Home owner 
Lawrence, KS  
About me:
Retired from a career in public relations and fundraising to focus on our garden and home, getting ready for the next phase of our lives when my husband retires. I have been a DIY'er before it was even called that—building stone walls and steps, making curtains all the while being a life-time foodie. 
My favorite style:
Transitional, eclectic, personal 
My next house project:
I'm in it. The whole house is involved and we are living through an amazing level of chaos. If I survived this, I'm kicking back and just going to enjoy it. My husband of 38 years doubts that seriously. 
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How many little gray cells have I consumed with this issue? In the end, after thinking I would go gas with the big reno, I went induction. It's quick, safe, easy to clean, needs less ventilation and the pots are easy to clean after use.

I prefer the Cook-tek brand of induction over the Volrath. I am keeping the hobs portable for the ease of clean and repair/replacement. I chose three 1800 watts and one 3500 watt. I think all 1800s would have been just fine. I also decided that at 64, I'm too old to bend low for a range and went with double ovens. After much reading here and other sites, I chose Miele over Wolf double ovens. Too many problems with that beautiful blue porcelain which can turn into flying glass shards and a once great company still calling the problem "cosmetic".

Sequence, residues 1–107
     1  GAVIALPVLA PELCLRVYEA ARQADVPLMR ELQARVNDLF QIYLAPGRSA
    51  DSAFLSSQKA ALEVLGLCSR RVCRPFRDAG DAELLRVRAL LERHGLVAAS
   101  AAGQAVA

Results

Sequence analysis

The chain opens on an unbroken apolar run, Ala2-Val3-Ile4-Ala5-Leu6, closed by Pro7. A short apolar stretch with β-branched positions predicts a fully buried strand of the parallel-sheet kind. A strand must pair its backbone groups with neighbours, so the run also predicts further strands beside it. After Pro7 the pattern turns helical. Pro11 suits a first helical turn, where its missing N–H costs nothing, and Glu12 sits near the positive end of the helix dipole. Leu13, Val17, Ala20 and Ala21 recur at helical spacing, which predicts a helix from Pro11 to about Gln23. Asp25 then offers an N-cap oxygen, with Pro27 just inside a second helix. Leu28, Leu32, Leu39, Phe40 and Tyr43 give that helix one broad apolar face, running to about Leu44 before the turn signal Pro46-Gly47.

August 14, 2014 at 10:04AM   
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Karin Marrero
After months of researching, talking to service and installation people... we decided on a Bertazzoni range and we have been very happy!!
on Sunday at 4:53PM     
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Is the oven temperature on the Berta easy to control? I've read different things.
on Sunday at 6:28PM   
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jtrbug commented on an ideabook